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Classmates instructed to 'yell, humiliate and berate' black son for lesson on segregation, Arizona mom says

Posted: 10:13 AM, Apr 17, 2019
Updated: 2019-04-17 12:13:14-04
Classmates instructed to 'yell, humiliate and berate' black son for lesson on segregation, Arizona mom says

PHOENIX — An Arizona mother is taking to social media to call out her son's school over a class activity she says was racially insensitive.

The lesson was meant to transport students to 1957 and the heroic moment the Little Rock Nine entered Little Rock Central High School following desegregation. Images from that day show the nine African-American students walking into the school while being bombarded by racial slurs from those opposing their presence.

In a social media post this week, Claudia Rodriguez says her son's third grade class at BASIS Phoenix Central reenacted that moment. She says her son, who is black, was chosen to walk between a line of students while they screamed and humiliated him, something she says affected him deeply.

While the school has heard her concerns, they're standing by the activity, pointing out the student volunteered for the exercise and showed no signs he was upset.

"The issue is not whether or not the students volunteered because I would imagine young students would volunteer to do all kinds of things, but that doesn't mean they necessarily understand the gravity of that," said Neal Lester.

Lester is the director for Project Humanities at Arizona State University. He says not only does this reenactment seem insensitive, but questions what exactly students are getting out of it.

"It makes me wonder how and if these students are really being taught lessons that are healthy for them," Lester said.

He says he'd like to know exactly what the lesson plan was trying to prove and if there were better options.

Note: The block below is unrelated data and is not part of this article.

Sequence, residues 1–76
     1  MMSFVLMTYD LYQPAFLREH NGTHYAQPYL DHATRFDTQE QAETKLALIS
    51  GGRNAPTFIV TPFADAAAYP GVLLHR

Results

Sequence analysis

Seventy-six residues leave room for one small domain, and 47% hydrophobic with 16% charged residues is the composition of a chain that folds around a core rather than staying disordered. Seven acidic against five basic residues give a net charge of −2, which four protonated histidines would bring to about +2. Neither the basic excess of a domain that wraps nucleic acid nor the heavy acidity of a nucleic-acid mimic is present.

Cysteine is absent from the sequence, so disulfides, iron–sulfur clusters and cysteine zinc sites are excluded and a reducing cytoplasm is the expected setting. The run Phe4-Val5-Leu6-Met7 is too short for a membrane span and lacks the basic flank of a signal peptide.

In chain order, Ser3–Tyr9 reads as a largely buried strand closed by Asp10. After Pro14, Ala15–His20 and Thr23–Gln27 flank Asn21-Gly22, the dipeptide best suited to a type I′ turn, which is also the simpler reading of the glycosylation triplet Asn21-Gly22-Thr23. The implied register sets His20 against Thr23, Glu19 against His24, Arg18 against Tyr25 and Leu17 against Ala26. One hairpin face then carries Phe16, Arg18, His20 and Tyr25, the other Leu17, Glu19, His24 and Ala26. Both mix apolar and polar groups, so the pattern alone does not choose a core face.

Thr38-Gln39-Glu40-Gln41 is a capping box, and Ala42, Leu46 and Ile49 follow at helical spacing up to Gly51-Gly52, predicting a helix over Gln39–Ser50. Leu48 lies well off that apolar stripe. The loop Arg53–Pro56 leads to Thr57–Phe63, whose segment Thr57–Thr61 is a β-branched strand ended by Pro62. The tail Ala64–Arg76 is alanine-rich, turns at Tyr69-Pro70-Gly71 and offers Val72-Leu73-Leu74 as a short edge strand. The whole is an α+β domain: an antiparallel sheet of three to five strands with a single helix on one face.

The school says no racial slurs or words of any kind were used, only noises and yelling. They say they've done this with their classes in the past without a problem. In fact, they claim their students come away with a much broader understanding of what segregation was like.

Head of School Rosalind Thompson, who is also African-American, continues to support the lesson, citing her own race, experience and understanding of the civil right movement as her reasoning. In a statement on the school's Facebook page, Thompson said the students complied with directions to yell as a way to make noise, without using words.

"After the brief exercise, the class came together as a group and discussed what that felt like, how it likely made those heroic students in Little Rock feel, and how it compares to the loving and nurturing experience our students feel each day," Thompson said.

"What I hear in that statement is not any sort of acknowledgment that maybe this was a misjudgment, maybe this was a problem that we can't even anticipate what the potential consequences of that might be," Lester said.

The school says they've had tremendous support from other parents who say the lesson gave their children an important perspective on civil rights.

They also say they have met with local African American leaders in the community about this subject and best practices moving forward.

Rodriguez considered but decided against pulling her son from the school.